• Piano Quintet in A Major “The Trout”, by Franz Schubert (Austria).
  • Death of James Watt.
  • Léon Foucault is born in Paris, France.
  • Mary Ann Evans (George Eliot) is born in Nuneaton, England, UK.

1820

  • Carbonaro Guglielmo Pepe leads an uprising of the Kingdom of the Two Sicilies, leading to a short-lived reform constitution before being crushed by the Holy Alliance (Italy).
  • Captains of a Russian Navy ship, a British Navy ship and an American sealing vessel are the first to discover Antarctica.
  • André-Marie Ampère confirms that electricity and magnetism are two forms of the same force and invents the solenoid (France).

    André-Marie Ampère (1775-1836).

  • Washington Irving publishes The Sketch Book, an English-language work containing the stories “Rip Van Winkle” and “The Legend of Sleepy Hollow” (US).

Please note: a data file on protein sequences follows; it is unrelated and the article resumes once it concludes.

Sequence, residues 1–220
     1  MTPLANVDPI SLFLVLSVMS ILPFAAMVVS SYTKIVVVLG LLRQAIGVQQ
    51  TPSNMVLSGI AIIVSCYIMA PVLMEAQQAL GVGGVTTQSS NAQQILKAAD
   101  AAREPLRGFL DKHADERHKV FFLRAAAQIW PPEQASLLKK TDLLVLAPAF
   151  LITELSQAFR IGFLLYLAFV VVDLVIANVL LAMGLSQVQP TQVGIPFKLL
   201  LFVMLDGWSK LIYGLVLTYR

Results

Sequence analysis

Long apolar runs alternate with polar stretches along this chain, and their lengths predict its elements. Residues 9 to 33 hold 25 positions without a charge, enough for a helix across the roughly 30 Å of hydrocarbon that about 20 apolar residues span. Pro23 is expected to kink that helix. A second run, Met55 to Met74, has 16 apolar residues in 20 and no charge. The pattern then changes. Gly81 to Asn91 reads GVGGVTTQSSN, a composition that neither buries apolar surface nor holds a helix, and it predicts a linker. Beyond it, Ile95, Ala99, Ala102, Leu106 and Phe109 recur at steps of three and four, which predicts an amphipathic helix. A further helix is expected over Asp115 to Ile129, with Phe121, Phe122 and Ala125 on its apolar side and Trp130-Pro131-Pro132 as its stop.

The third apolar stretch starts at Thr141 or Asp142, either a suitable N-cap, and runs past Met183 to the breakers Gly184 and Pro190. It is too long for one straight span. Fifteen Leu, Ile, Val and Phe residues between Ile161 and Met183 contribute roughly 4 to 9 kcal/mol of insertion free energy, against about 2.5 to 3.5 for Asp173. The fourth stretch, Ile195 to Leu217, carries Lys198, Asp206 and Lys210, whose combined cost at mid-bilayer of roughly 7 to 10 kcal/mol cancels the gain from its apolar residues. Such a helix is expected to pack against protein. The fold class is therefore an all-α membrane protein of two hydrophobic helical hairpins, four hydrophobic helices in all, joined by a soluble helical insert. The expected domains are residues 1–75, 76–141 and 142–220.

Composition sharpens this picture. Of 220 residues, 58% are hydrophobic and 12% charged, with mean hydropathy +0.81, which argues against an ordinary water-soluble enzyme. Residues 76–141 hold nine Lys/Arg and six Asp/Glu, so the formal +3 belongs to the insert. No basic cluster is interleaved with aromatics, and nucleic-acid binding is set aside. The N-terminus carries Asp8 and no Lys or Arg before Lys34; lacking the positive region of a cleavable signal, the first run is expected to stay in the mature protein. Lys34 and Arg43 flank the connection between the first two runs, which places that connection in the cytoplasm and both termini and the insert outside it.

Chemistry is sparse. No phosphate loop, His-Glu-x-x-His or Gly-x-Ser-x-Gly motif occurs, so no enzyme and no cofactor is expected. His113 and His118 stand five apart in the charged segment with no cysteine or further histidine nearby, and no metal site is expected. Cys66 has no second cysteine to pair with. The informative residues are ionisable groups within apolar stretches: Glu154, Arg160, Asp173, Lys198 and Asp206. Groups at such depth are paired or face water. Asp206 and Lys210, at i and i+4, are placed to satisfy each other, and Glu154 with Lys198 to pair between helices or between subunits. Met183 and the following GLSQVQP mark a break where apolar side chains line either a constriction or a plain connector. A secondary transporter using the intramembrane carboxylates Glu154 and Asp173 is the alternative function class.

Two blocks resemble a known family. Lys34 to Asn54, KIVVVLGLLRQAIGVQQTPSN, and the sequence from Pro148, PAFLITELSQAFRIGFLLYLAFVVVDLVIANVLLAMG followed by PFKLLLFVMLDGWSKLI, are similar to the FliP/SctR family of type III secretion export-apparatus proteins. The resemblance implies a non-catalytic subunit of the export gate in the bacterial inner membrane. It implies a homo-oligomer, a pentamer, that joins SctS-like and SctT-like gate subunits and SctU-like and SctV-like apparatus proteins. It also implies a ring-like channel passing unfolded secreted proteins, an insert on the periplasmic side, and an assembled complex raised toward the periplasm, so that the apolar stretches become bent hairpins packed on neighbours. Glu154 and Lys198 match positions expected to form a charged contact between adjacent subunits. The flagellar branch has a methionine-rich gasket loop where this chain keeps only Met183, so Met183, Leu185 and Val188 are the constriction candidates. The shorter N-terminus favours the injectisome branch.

• Louis Pasteur is born in Dole, France.
  • Birth of Susan B. Anthony in Adams, Massachusetts, US.
  • Birth of Florence Nightingale in Florence, Grand Duchy of Tuscany (now Italy).
  • Araminta Ross (Harriet Tubman) is born into slavery in Maryland (US).

1821

  • The Treaty of Córdoba results in Mexican independence from Spain.
  • Peru declares its independence from Spain.
  • Simón Bolívar’s victory at the Battle of Carabobo leads to Venezuelan independence.
  • Simón Bolívar becomes first president of Gran Colombia.
  • Ottoman Egyptian Viceroy Muhammad Ali’s forces conquer Sudan and part of Libya.
  • Santorre di Santarosa leads a revolt of the Piedmont, which leads to short-lived reforms, ultimately put down by Holy Alliance troops (Italy).
  • Paleontologist Mary Anning discovers the first plesiosaur fossil at Lyme Regis (UK: England).

    The fossil plesiosaur discovered by Mary Anning is on display in the Natural History Museum in London, UK.

  • The Hay Wain, a landscape painting by Romantic artist John Constable (UK).